• Freedom to take risks: Donna has not taken many major risks so far, but her goals represent one. When we discussed this aspect of the program, she told me that she also is a fearsome skier, known among her pals as an “insane risk taker.”  She thought it probably wasn’t what Booth really meant.  I told her it sounded just right!  Why? Because it was fueled by passion and she had some interesting things to say about taking insane risks as a skier.
  • Freedom to define one’s impact: Donna is taking a dramatic career turn precisely because she intends to define her impact on the world.

Donna also would mesh with Booth’s “Student Experience” which it defines as focused on “intellectual culture” and “community culture.”

  • Intellectual culture aligns with the academic freedom discussed above. For Donna, it also means that she will receive the most rigorous analytic training and enjoy an abundance of resources via the Polsky Center for Entrepreneurship and Innovation, which integrates the intellectual dimension with practical experience and exposure to individual experts and practitioners.
  • Community culture reflects what she loved about attending a small liberal arts college, as she is a natural contributor. Not in a flashy, dramatic way, but as someone who, whatever she is doing, thinks and has something to say, considers and enjoys others, and usually prefers a group effort or activity.  She is hungry to share her thoughts and concerns from her PE experience that shaped her goals, and she is determined to lure newbies to the slopes.  She will of course continue volunteering, either with literacy or with a new focus.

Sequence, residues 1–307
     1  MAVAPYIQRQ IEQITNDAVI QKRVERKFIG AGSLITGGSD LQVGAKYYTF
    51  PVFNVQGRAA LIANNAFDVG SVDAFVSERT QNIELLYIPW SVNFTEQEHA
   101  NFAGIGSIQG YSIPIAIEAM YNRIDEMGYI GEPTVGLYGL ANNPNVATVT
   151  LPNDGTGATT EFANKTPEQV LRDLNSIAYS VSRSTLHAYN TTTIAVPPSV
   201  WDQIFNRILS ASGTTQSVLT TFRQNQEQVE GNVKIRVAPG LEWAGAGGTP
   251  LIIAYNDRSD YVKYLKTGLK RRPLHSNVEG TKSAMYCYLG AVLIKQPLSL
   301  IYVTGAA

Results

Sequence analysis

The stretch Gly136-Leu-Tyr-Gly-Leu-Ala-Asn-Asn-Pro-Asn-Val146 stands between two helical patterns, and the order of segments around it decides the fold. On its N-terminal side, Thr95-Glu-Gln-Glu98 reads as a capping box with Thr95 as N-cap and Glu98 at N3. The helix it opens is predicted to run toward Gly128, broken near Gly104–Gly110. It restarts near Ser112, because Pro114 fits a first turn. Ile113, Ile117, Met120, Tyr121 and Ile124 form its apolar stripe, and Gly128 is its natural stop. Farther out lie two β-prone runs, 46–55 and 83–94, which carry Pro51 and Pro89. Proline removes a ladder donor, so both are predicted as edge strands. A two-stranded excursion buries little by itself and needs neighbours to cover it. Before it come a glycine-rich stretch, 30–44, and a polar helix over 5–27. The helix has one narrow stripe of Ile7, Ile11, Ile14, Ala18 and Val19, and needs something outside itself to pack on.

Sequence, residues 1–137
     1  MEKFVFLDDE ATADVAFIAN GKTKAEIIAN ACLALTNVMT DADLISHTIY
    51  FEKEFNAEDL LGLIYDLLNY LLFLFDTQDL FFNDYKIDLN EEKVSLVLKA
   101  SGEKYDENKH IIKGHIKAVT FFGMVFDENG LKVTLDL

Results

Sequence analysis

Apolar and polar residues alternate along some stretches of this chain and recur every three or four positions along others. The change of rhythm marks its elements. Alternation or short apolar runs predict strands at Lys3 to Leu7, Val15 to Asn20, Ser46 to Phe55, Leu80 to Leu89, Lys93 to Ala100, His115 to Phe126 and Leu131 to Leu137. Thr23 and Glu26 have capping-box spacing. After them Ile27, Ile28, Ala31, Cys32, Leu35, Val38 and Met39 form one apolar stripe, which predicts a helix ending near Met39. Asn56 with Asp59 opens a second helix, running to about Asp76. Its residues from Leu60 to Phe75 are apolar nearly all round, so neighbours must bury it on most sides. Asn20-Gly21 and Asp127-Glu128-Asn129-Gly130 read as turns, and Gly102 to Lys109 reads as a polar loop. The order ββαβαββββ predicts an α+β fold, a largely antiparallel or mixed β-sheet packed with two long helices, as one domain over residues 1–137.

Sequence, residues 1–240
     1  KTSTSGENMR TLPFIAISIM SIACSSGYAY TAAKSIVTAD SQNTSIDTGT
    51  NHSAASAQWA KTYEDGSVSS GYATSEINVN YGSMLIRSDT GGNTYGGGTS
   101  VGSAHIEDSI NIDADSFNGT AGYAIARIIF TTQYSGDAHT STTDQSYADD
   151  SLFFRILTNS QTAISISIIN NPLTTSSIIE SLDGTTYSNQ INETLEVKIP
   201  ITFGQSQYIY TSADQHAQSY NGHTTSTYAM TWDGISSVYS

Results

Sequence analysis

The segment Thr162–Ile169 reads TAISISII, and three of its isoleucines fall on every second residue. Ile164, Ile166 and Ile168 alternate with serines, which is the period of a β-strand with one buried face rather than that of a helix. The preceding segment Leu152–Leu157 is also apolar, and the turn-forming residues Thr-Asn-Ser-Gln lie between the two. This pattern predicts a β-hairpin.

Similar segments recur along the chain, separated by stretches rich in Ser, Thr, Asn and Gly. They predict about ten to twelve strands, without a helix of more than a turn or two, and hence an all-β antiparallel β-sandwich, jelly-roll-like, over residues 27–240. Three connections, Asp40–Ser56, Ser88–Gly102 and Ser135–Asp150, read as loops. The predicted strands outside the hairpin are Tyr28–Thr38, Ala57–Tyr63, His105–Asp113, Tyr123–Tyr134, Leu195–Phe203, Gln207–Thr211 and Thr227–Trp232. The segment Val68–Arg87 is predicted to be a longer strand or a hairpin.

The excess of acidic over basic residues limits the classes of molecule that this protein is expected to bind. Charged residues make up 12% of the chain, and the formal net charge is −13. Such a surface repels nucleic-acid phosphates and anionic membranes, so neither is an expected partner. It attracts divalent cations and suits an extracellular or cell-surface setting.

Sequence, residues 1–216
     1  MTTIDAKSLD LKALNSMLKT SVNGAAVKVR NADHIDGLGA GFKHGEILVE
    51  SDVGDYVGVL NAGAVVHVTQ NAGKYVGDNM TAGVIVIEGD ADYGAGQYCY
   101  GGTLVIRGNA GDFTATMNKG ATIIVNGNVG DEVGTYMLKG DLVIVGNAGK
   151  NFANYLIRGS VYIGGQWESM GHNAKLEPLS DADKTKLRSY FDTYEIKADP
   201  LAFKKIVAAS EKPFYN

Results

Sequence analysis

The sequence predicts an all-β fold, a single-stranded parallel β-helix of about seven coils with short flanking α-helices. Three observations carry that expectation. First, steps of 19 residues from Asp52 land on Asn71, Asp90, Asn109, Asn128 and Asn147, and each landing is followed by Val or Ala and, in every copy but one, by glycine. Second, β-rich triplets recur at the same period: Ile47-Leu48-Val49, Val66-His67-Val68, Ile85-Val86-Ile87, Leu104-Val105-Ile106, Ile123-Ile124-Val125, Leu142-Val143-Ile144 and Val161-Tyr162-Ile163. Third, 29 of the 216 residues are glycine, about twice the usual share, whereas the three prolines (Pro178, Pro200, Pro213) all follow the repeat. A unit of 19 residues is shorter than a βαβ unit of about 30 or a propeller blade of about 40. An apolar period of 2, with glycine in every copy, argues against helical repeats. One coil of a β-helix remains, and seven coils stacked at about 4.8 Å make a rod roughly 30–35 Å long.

Donna’s Decision to Apply to Chicago Booth:

It took some convincing, but Donna did agree to explore Booth’s program. She was amazed that this renowned “finance school” had the perfect culture and academic offering to meet her entrepreneurial learning needs.  A visit to the campus and classes cemented her interest in the program, and her excitement about it enlivened her application essays and interview.  Although she was running from rather than to finance and had a slightly lower than average GMAT for Booth, Donna’s ideas, personality, goals, and clear capability won over the adcom.  I too was thrilled – but not surprised.

Takeaways for today’s MBA applicants?  There are two main ones for different parts of the process:

  1. All top MBA programs are well-rounded, beyond what the conventional impression may suggest and in different ways. Make the effort to look at all possible options, to allow for a “pleasant surprise” in discovering fit – I’ve seen this serendipity happen often when someone looks beyond the obvious.
  2. Look at and listen to how the adcom and students define their program’s qualities, culture, and mission. In developing your application respond specifically to these factors to show you belong, at your target program and specifically at Chicago Booth.

Accepted logoCindy Tokumitsu has advised hundreds of successful applicants, helping them gain acceptance to top MBA, EMBA and other business programs in her 15+ years with Accepted. She looks forward to helping you too!

Questions about this article? Email us or leave a comment below.